Why does it always seem to take such horror to bring out the best in others? I am annually perplexed by human behavior around the Christmas season, when folks put aside differences and make the effort to be better, kinder, more helpful people.
Meanwhile, on television, it just gets worse. Now the Pentagon has been attacked, as another hijacked airliner crashes into it. And yet another crashes in Pennsylvania. More death, more carnage, more terror. And a nation is left with even more questions.
There were some truly amazing concessions in television programming as the painfully long day stretched into the wee hours of the next. America’s Shop, Shop At Home Network, Home Shopping Network, QVC, Product Information Network (PIN), HGTV and Speedvision all suspended regular programming, and either picked up network news feeds, displayed American Red Cross phone numbers or messages of condolences to the victims. TLC picked up the BBC’s coverage of the tragedy. TBS, TNT, and CNNSI shared the broadcast of their Turner sister network, CNN. Fox’s FX and Fox Net shared in Fox News’ live feed. I never thought I’d live to see the day when rampant capitalism would actually give way to compassion and decency.
In the immediate aftermath, I implore my fellow Americans not to do the following:
Don’t be an ignorant racist by calling for the head of any person who is Muslim. Don’t get pulled into the black hole of stupidity and misguided hate that always seems to permeate the mob mentality when these things take place. There are some 14 million Muslims who live in the United States. 99% consider themselves Americans; they have earned their citizenship and revere their freedoms and rights much more than most who have been born on our soil. If you allow yourself hate all Muslims because of this tragedy, then you are simply lowering yourself to the same gutless, ignorant and unjustified level as the cowards who flew those planes into the Towers and the Pentagon.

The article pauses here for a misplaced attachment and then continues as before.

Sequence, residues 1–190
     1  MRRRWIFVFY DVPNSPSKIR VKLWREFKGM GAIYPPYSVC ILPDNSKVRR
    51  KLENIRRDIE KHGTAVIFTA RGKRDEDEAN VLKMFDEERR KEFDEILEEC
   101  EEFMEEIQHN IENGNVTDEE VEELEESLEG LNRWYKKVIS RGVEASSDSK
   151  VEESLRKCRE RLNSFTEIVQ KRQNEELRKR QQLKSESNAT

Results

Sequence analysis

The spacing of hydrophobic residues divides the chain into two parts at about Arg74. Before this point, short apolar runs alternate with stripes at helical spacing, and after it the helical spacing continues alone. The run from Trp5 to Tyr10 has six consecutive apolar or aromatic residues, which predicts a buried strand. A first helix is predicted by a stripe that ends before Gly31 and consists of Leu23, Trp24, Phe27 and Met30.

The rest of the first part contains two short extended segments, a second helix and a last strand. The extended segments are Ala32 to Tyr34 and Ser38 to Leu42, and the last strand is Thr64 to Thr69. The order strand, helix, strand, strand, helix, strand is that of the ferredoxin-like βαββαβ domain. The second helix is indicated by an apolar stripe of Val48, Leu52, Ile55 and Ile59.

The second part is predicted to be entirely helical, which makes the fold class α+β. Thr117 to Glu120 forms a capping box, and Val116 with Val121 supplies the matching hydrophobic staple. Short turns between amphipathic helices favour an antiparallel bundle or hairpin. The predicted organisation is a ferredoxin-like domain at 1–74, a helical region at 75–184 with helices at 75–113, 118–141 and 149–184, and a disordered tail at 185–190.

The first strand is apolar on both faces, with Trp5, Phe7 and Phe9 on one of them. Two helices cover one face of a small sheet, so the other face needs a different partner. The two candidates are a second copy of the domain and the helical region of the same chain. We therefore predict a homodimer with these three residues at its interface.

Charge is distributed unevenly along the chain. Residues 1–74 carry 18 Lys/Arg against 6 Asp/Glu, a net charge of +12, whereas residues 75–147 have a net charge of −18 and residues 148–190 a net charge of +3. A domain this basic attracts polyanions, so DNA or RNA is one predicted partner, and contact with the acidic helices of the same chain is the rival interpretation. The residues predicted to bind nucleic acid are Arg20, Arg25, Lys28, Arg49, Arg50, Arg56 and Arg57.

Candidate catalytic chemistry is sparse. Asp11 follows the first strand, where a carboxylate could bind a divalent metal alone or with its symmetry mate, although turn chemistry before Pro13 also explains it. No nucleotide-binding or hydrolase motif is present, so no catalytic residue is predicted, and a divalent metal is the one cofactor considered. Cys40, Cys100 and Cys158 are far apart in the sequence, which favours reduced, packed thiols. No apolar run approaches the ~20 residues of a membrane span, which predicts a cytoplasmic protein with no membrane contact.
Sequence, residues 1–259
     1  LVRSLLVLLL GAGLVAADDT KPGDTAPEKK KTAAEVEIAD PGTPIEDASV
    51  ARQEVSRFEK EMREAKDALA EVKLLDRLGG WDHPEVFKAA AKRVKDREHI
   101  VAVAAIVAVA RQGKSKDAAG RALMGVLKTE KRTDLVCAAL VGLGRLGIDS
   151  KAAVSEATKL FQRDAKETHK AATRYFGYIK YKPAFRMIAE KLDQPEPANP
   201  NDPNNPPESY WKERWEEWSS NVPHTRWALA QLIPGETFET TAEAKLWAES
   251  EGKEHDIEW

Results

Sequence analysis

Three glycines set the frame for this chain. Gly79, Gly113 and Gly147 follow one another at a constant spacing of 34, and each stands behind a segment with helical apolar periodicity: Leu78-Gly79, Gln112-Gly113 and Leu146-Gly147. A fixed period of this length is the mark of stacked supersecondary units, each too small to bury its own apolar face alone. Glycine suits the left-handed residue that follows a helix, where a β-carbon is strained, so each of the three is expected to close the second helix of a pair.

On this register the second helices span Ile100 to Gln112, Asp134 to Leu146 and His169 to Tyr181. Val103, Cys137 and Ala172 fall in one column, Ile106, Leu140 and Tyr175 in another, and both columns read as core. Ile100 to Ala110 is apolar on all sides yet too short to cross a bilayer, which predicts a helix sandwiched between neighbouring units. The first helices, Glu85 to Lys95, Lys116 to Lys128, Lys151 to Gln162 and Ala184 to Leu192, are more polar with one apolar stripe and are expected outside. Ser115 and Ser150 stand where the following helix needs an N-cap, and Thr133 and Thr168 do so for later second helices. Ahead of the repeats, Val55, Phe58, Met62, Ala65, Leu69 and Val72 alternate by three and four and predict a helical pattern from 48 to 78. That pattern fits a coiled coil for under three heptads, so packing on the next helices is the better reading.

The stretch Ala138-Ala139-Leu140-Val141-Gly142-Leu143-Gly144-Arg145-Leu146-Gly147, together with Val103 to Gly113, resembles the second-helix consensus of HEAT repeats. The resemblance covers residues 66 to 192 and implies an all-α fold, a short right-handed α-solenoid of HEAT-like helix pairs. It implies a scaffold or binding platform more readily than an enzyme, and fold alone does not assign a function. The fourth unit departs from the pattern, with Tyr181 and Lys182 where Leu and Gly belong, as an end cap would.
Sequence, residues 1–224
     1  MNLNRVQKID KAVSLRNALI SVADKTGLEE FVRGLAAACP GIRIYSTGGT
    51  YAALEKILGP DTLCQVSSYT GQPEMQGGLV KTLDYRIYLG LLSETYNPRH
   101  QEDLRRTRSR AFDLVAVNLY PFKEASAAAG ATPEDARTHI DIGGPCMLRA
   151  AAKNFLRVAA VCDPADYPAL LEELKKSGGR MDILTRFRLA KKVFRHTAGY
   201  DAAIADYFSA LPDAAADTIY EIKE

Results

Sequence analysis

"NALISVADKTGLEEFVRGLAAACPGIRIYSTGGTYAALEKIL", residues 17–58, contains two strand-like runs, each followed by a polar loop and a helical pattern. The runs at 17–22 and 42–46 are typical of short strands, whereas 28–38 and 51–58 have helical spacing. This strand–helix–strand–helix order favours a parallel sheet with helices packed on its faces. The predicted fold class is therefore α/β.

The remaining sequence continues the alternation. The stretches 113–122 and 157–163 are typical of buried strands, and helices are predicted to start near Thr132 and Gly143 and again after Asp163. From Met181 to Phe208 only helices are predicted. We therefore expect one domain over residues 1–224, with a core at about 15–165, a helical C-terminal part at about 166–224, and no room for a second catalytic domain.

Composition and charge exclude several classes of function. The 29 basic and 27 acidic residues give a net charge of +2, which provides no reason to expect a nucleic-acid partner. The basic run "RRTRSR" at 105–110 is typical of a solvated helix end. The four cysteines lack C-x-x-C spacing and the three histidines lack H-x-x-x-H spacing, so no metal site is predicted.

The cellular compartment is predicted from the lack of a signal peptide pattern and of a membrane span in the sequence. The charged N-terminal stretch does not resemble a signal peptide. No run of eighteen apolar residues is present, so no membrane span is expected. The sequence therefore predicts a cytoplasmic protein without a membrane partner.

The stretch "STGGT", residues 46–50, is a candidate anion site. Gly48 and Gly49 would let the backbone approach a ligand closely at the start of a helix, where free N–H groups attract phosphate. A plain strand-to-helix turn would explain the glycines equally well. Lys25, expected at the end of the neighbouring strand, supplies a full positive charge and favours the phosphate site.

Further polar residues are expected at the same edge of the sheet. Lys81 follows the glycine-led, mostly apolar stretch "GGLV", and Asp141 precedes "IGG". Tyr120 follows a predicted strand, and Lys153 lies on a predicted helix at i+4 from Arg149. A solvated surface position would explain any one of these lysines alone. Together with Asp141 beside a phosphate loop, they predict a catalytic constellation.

And no, I didn’t forget the plane that crashed in Pennsylvania. But early reports indicate that the incredibly brave citizens on-board that flight – who had learned via cell phone conversations with their loved ones about the NYC and DC attacks – chose to literally go down fighting, attacking the hijackers and sparing the intended target (thought to be the White House or Capitol building) by sacrificing themselves for the sake of their nation’s capitol and countless other innocent victims.
So, don’t jump the gun on assessing blame. Remember the Mid-Eastern finger pointing that had to be swallowed when it turned out to be “one of our own” in the Oklahoma City bombing. That’s apparently not the case now, but restraint must still be exercised.
We don’t need to exacerbate the situation by screaming for annihilation of the entire Middle East. As I’ve said before, we aren’t loved and revered by a lot of folks in the rest of the world. And for the most part – whether you want to believe it or not – it’s our own fault. Running off halfcocked is not the way to resolve our grief and anger.
Running off fully cocked is the way. Let’s get it right – take our time, let our intelligence operatives find out exactly who is responsible, and proceed to erase the bastards from the face of the earth.
I have to admit that, up to this point, I’ve not been a big fan of President Bush – but there is no room for political differences right now. Our nation, our freedoms, and our way of life have been unmercifully attacked. He is my President, and I will support his administration completely as he grapples with this grave moment in our country’s history. I implore each of you to do the same. The pettiness of partisan politics has been an obese albatross around our country’s neck for too long, and we must cut it loose.
Our flag has always meant something special to me. But I’ve always thought that early U.S. flag – the one with the snake and the “Don’t Tread On Me” motto (known as the Gadsden Flag) – was most representative of our nation.
To the perpetrators of this cowardly act of inhumanity, I offer this thought on your fate: The Japanese Admiral who planned the attack on Pearl Harbor – and then found out that Japan’s official declaration of war against us came 55 minutes after the attack – reportedly lamented to his staff afterwards on that infamous day, “I am afraid we have awakened a sleeping giant.” And you know what happened to them.
Poetic justice would have the last thing seen on this earth by those responsible for this attack to be a glorious, fluttering banner proclaiming: “Don’t Tread On Me.”
The previous column was originally published September 27, 2001.